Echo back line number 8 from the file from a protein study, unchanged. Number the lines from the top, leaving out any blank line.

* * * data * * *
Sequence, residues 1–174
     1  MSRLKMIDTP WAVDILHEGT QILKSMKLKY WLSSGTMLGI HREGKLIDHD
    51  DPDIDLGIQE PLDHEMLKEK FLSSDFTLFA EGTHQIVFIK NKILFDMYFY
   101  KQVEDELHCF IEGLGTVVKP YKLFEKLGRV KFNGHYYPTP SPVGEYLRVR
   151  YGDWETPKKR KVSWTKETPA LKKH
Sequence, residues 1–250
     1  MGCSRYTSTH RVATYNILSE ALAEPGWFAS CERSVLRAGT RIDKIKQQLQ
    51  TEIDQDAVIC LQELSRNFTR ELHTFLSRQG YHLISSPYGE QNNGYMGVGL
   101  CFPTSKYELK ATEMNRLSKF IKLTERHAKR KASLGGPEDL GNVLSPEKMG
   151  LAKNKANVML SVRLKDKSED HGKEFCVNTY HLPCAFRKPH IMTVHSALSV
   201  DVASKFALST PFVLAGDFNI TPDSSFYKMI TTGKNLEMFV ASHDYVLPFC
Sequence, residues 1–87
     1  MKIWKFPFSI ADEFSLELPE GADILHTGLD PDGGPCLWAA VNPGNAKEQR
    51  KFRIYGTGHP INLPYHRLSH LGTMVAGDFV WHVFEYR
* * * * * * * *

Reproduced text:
    51  TEIDQDAVIC LQELSRNFTR ELHTFLSRQG YHLISSPYGE QNNGYMGVGL